Back in my day, when we had a birthday, we didn't have any bounce houses, or petting zoos, or fancy Martha Stewart cupcakes arranged in a pyramid. We got a cardboard, cone-shaped hat with an elastic band that snapped under our chin, we pinned a tail on a donkey and we ate a piece of Duncan Heinz cake. AND. WE. LIKED. IT.
And truly, we did. I have happy memories of (or at least lots of grainy pictures of me looking really happy) those birthdays with my friends and cousins, growing up in the 70's. And I know that living simply is the best way to live. De-cluttering and choosing to make do with less are big things these days and I am totally on board (you should see how little I buy at Target these days--sad, but liberating. You'd be proud of me. Tell me you're proud of me!). But I have to admit. I LOVE me a birthday party. Especially a kid's birthday party (if only because, who are we kidding, once we have kids, our own birthdays lose some of their partyability, what with the having to be able to cope with a preschooler the next day).
Since we've been back from Hawaii (two weeks), we've been to two birthday parties. One was at a bounce-house place where almost every square inch is inflatable jumpy joyful goodness and you have to take off your shoes when you walk in the door (I am always on board with a venue that requires me to lose the shoes), and the other in the friend's back yard, which was transformed into a fairyland, complete with magical fairy entertainer who entranced the children with her fairy-beauty and magic, and impressed the parents with her ability to speak at a pitch almost out of our hearing-range and without needing to take breaths, seemingly ever. Every single kid who attended either (or both) of those parties was entirely transported to a state of blissful rapture with the jumping and the screaming and/or the fairies and the magic wands. Each party perfectly captured the personality of the birthday children.
I guess that's what I love about birthday parties today--recognizing the uniqueness of each kid as they celebrate their birthday. Even though people crab about how overblown and over the top they can be. And sure, they can be (but let me say for the record, the one's I've referred to in this entry were not!). No kid neeeeeds a petting zoo or circus performers at their birthday. Hell, I just left a banquet supplies rental place where I reserved 3 little tables and 24 chairs for Ethan's party--"back in my day", if they didn't fit around the dining room table, they weren't invited--period!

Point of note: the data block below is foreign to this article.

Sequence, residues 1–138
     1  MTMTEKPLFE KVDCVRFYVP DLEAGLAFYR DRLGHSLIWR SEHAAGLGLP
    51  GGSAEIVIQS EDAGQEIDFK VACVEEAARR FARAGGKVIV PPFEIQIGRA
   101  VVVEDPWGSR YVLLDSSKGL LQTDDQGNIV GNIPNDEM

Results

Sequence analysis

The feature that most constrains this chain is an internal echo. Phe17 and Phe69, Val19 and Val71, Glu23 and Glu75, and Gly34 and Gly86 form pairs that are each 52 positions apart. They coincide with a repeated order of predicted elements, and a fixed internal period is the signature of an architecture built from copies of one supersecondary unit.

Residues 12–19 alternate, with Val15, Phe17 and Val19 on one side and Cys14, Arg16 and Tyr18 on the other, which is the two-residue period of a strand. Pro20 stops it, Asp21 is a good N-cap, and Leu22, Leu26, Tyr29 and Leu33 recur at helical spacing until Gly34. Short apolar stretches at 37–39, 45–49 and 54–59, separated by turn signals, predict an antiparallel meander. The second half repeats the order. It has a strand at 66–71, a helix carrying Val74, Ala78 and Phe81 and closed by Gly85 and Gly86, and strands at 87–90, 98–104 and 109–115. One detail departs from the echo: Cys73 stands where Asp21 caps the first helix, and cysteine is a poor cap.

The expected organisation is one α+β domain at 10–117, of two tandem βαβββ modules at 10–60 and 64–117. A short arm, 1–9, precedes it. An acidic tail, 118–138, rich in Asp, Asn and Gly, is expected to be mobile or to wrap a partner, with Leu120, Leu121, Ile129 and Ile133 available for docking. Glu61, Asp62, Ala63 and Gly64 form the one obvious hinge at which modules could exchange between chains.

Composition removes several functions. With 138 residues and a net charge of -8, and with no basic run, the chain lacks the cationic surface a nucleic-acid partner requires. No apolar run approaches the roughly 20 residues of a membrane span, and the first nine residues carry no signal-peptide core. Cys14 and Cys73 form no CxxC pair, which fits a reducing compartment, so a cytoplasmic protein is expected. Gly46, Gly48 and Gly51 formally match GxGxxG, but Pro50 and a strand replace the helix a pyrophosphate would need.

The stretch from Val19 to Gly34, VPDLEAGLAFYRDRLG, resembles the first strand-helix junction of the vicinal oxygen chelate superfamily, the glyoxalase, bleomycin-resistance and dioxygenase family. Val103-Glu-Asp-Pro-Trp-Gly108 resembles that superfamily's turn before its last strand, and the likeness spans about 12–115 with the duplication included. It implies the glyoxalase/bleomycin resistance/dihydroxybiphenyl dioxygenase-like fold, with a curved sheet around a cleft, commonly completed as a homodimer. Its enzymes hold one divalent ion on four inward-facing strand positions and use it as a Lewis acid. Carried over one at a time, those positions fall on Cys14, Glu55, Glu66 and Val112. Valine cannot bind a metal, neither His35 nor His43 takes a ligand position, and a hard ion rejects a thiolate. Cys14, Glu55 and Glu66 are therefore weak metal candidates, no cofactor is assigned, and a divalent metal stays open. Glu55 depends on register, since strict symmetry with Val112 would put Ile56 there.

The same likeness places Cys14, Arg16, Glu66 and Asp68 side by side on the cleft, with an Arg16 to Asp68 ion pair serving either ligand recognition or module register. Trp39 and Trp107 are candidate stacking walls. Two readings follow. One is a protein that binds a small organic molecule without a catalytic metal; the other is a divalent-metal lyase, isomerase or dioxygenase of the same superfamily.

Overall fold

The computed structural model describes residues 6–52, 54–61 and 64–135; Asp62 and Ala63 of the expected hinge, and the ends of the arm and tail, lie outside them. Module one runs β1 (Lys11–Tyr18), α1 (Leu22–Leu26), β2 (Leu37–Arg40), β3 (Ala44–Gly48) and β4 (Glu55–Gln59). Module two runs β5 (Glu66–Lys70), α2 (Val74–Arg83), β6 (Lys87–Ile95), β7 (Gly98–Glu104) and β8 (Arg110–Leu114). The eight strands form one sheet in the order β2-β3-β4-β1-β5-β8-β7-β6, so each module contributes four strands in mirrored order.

But I think there's tremendous value in, one day a year, buying completely into whatever it is--fairies, ponies, pirates, jumping around with abandon, to your heart's content---that makes your child tick that year. Each themed party, is a celebration of who your child is at that moment. Because they won't always be into ponies, or Blues Clues or magic. One day they'll just grunt that they want whatever the newest i-Thing is and to go out with their friends.
So for now I'm perfectly happy to spend all of my energy and time leading up to Ethan's Beatles-themed 4th birthday party on Saturday painting styrofoam balls that the kids will turn into an "Octopus' Garden in the shade," or hot-glue gunning white felt to a long strip of black fabric to create an "Abbey Road" walkway to our backyard, making a "Here Comes The Sun" mural on the side of our house, baking and decorating guitar-shaped cakes and going to every Michaels craft store in the bay area to find glittery foam guitar stickers for the foam frame craft. And I'm still considering a poster sized picture of the Beatles with a head cut out (sadly probably George, since none of the kids know him--sorry, George) so the kids can have their picture taken "with" the Beatles.
And don't think for a second that I didn't google the crap out of "Beatles impersonators" for the party. Because I did. (but, um, no, because I'm not a crazy rich person).
These kids may not have crystal clear memories of these birthday parties when they look back as adults, and maybe some of the effort we parents put into them are for us, to satisfy our own frustrated party planning yen. A child's birthday is, in and of itself, a magical day. I know. But I love the idea of the look on Ethan's face on Saturday morning when he sees all the Bealtes-ish stuff that we've put together for him.
It's not about just celebrating the fact that he was born--I love him to pieces, but let's face it, he didn't have a lot to do with that process. It's about celebrating who he is right now, his own little person, who lives and breathes the Beatles, something he came to entirely on his own, and which is a passion that is so much a part of his personality and his own sense of self that it just needs to be celebrated.